Chemically assembled heterojunctions of SnO2 nanorods with TiO2 nanoparticles via "click" chemistry

TitleChemically assembled heterojunctions of SnO2 nanorods with TiO2 nanoparticles via "click" chemistry
Publication TypeJournal Article
Year of Publication2012
AuthorsShah, S, Benson, MC, Bishop, LM, Huhn, AM, Ruther, RE, Yeager, JC, Louis, KM, Hamers, RJ
JournalJournal of Materials Chemistry
Volumeaccepted
Date Published04/2012
Abstract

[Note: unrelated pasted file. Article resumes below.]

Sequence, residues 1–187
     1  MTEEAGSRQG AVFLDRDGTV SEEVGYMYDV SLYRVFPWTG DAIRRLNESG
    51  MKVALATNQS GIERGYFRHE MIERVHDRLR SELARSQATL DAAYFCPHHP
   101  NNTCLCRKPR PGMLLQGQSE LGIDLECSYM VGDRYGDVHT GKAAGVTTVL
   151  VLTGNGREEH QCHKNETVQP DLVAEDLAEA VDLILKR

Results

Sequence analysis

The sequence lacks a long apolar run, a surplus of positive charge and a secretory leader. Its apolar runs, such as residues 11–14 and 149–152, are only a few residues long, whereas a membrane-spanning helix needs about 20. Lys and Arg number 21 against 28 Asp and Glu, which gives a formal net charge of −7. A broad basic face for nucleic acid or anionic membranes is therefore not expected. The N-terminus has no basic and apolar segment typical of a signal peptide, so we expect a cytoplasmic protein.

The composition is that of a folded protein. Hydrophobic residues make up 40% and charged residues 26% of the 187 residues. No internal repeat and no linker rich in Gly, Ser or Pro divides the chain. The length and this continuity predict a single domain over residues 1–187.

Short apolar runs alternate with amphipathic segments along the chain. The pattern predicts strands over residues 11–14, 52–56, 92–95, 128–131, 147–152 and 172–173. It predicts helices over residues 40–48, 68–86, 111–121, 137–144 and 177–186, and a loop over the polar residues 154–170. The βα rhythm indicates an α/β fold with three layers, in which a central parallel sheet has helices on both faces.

SnO2 is a promising material for photovoltaic and photocatalytic applications because it exhibits high electron mobility, its conduction band lies at a convenient energy to act as an electron acceptor, and it can be easily grown in a variety of different nanostructures including nanoparticles, nanorods, and nanosheets. However, strategies for surface functionalization of SnO2 are much less well developed than alternative oxides. Here, we demonstrate the growth and subsequent chemical functionalization of SnO2 nanorods to enable the chemically-directed assembly of SnO2 nanorod-TiO2 nanoparticle heterojunctions, and we characterize the charge-transfer properties using time-resolved surface photovoltage measurements. Vertically aligned SnO2 nanorods were grown via a high-pressure chemical synthesis method. The SnO2 nanorods were square in cross-section, exposing sidewalls consisting of {110}-type crystal planes. Functionalization via photochemical grafting with butenol yielded nanorods terminated with a high density of -OH groups that were converted to azide groups. The azide groups were linked with alkyne-modified TiO2 nanoparticles via the Cu(I)-catalyzed azide-alkyne cycloaddition (CuAAC) reaction, a form of "click" chemistry, thereby covalently grafting the TiO2 nanoparticles to the SnO2 nanorods. Time-resolved surface photovoltage measurements of the resulting adducts showed that the covalent bonding of TiO2 nanoparticles to the SnO2 nanorods enhances the interfacial charge transfer compared to the unmodified SnO2 nanorods, leading to an increased accumulation of holes at the surface.